Trans Global explores encouraging signs of oil in Dead Sea
“Encouraging signs of oil” were discovered in the southern region of the Dead Sea, a senior official in Trans Global Petroleum (TGP) Jordan confirmed to the Jordan Times. TGP Jordan thus decided to re-dig the exploratory Issal-1 oil field in the Ghour Safi region, whose drilling cost has so far exceeded three million dollars.
Owned by the Houston-based Trans Global Petroleum Exploration Company, TGP Jordan officially opened the exploratory well Issal-1 in the end of July. The company leased an electromechanical drilling rig from the local Petra Drilling Company to dig at Issal-1, which will run more anywhere between 2,500 and 5,000 meters in search of oil.
Issal-1 will be the third deepest exploratory well to be drilled in the Dead Sea and the first in seven years, according to a statement by the US firm. It took the company four years of intensive geological and geophysical surveys in the region before deciding whether Issal-1 is worth exploring.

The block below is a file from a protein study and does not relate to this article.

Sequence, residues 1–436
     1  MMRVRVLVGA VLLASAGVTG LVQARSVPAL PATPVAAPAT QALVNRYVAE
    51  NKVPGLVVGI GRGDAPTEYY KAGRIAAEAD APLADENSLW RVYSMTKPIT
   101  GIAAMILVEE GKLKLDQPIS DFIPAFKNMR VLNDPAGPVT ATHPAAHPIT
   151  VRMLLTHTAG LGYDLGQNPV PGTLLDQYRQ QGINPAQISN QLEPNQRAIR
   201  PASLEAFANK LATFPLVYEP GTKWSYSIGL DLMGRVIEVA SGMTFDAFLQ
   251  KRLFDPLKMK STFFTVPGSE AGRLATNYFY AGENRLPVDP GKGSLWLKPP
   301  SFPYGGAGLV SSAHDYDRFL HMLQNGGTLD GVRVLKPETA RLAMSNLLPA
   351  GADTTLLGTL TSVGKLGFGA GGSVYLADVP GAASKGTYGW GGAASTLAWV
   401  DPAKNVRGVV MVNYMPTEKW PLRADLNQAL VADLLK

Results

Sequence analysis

In 1996, Jordan’s Natural Resources Authority (NRA) signed an exploration and production sharing agreement with the American company, to drill for oil in the Dead Sea and Wadi Araba regions, with the hope of alleviating the kingdom’s dependence on Iraq.
Iraq is the Kingdom's only source of oil and oil derivatives, which amounts to five million tons a year. Jordan receives half of its oil from Iraq for free, while the remaining portion is sold to the kingdom at a concession price, four to five dollars less than the world market price.
The Jordanian Minister of Petroleum and Mineral Resources Mohammed Batayneh met with the Iraqi Oil Minister Amer Rashid in Baghdad earlier this month discuss to discuss the renewal of the annual $600 million oil protocol, the Jordanian Petra news agency reported. "The Jordanian-Iraqi oil protocol for the year 2002 will increase by five to 10 percent, given Jordan's growth in oil demand," Batayneh was quoted as saying ahead of the visit.
Batayneh was also to discuss the construction of a pipeline that will transfer oil from Iraq to Jordan. The $600 million proposed link is expected to replace the current way of transporting oil to Jordan, which depends on petrol trucks. — (menareport.com)
© 2001 Mena Report (www.menareport.com)